The Victorian Parliament is currently considering a bill to quarantine (for twleve months) the money prisoners receive from the state pursuant to claims for civil wrongs. The Second Reading Speech explained the purpose of the Bill as follows:
The government intends to address the situation where an offender receives an award of damages from the state and therefore has a much improved financial situation. Victims can then choose to take advantage of that improved financial situation by taking their own legal action in the knowledge that there are assets that may satisfy a successful judgement. The government is aware of the perceived inequity when offenders are seen to use the law for their own purposes through pursuing compensation arising from their circumstances in custody. This bill represents a step in addressing that inequity.
The Bill has its origins in a political debate in New Zealand about claims being made under its Bill of Rights Act (which, in contrast to the Charter, creates both a cause of action for breach of human rights and a remedy of damages.) Challenges to the NZ Act have to date failed on procedural grounds.
The Human Rights Law Resources Centre made a lengthy submission to SARC on the Bill:
The Centre has grave concerns about the impact that the Bill would have on the following human rights. The rights listed below are protected under the Charter at the sections indicated.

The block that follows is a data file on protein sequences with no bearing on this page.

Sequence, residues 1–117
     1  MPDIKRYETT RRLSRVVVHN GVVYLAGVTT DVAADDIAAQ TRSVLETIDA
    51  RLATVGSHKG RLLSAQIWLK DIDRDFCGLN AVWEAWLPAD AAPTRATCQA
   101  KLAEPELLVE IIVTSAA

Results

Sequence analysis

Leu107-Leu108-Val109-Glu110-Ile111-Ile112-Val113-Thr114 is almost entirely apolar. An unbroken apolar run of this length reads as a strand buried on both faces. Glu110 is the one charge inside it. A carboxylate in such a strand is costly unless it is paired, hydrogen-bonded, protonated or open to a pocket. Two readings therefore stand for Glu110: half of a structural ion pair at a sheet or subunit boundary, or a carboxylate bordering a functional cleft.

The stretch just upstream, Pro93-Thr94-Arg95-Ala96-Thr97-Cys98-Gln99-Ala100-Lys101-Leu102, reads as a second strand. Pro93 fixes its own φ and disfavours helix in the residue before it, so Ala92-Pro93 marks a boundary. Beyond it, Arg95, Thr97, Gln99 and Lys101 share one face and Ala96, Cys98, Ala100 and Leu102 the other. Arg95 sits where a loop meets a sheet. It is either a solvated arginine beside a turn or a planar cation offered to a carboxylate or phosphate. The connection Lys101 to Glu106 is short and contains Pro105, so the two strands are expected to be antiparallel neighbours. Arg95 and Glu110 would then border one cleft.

(a) The right to recognition and equality before the law (section 8).
(b) The right to privacy and reputation (section 13).
(c) The right to protection of families and children (section 17).
(d) Property rights (section 20).
(e) The right to humane treatment when deprived of liberty (section 22).
(f) The right to fair hearing, including the right to equal access to courts (section 24).
(g) The right to an effective remedy (which is fundamental to the protection of all human rights).
…The Centre considers the premise of the Bill to be incompatible with the human rights outlined above… , which are rights that the Victorian government commendably seeks to protect and promote in the Charter. As such, the Centre recommends that the Bill be withdrawn in its entirety.
SARC’s own report on the Bill was tabled in Parliament today. It focuses on a section that requires the fact that a named prisoner has been successful in a claim to be advertised in Victorian and national newspapers:
The Committee observes that the information contained in the notice – that the prisoner has been a victim of a civil wrong committed by the state and is the recipient of an award of more than $10,000 – is potentially sensitive information, particularly given the vulnerabilities of many prisoners. The Committee also observes that this requirement is a mandatory one regardless of the circumstances and, in particular, overrides any confidentiality clause contained in an agreement between the state and the prisoner (see new section 104ZB.) The Committee therefore considers that new section 104Y may engage prisoners’ Charter right against arbitrary interferences in their privacy.
The Committee was also concerned that the requirement may override contrary court orders and laws.
SARC’s report also raises Charter concerns about the exemption of some offenders from the new County Court Koori division and the reverse onus defence of due diligence in an offence relating to factory openings on ANZAC Day.